The result of killing the biological is that lawns can no longer digest mulched organic material like grass clipping and leaves and so develop “thatch” requiring additional services. Thatch is removed; leaves are blown and removed using more energy. Soil is further depleted and holds less water as it has less and less organic material, more water is needed to keep plant material alive as there is less organic material to hold moisture.

When you look at the cost as a whole, not even considering the carbon footprint left by chemical fertilizers, blowers, municipal trucks hauling leaves, etc, the chemical approach is more expensive in terms of labor, and water costs. Consumers tend to focus on the initial application cost alone and don’t see the increased water usage and the blower and leaf collection service cost (which is supplemented by municipal governments that collect and remove leaves with taxpayer dollars). 

To convert your lawn to organics from years of chemical use takes more than just putting some organic fertilizer down. Much like people who have had their intestines depleted by heavy antibiotic use are told to eat yogurt with live cultures in it to re-establish digestive agents in their intestines, it is necessary to restore the biological agents in the soil so that it is better able to digest the organic material. In addition to using chemical herbicides which are known to kill helpful biological agents in the soil, the national franchises miss this point as do many consumers. Consequently, the first year of organic lawn care can be more costly, but following years will be equal to or less than chemical applications. The reason is not the cost of the applications themselves by the way, but the fact that your lawn and garden is now a mulch eating machine. Grass clippings and leaves no longer need to be moved, but simply mulched into the lawn. Higher organic content means you use less water since the soil will retain moisture better. Live soil means deeper healthier roots and stronger more valuable plant material. Stronger plant material means less disease and insect infestations which in turn means lower mortality and replacement as well as little or no pesticide us. Less pesticide use and elimination of chemical fertilizers means stronger ecology and development of beneficial insects that prey on plan predators.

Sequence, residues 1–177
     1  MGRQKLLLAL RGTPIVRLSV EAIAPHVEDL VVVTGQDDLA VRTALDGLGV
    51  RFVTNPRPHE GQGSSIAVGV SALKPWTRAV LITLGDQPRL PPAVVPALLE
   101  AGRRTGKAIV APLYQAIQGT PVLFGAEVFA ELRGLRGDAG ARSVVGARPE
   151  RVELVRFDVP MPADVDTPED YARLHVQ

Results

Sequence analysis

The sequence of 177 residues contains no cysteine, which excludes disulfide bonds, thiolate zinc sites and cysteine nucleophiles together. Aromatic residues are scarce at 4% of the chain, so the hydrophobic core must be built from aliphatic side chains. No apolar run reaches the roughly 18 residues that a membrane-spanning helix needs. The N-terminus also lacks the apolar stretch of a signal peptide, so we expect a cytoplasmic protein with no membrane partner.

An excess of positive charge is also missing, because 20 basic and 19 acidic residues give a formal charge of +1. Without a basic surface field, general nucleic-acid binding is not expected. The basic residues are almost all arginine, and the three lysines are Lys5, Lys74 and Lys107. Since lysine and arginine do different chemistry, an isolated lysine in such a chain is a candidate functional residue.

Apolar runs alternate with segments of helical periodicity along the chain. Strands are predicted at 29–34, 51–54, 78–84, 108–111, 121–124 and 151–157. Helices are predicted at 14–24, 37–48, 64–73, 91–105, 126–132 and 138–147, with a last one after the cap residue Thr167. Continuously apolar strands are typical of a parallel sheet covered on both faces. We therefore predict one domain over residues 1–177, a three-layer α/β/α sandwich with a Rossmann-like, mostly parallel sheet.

The punch line here is pay a little more in the first year to get your plants off of their chemical addiction and you will reap the benefits in healthier, stronger, more valuable plants in the years to come. You will reduce your water costs (which go up 6% a year), and eliminate the need for blowers on your property. You will be feeding the soil directly with the clippings and leaves that land on it and reducing the need to amend the soil and feed it as often as you did when you were chemically fertilizing, and you will turn your property in a carbon sequestering machine instead of increasing your carbon footprint by using chemical fertilizers and herbicides (6lbs of carbon released into the atmosphere to make 1 pound of chemical fertilizer).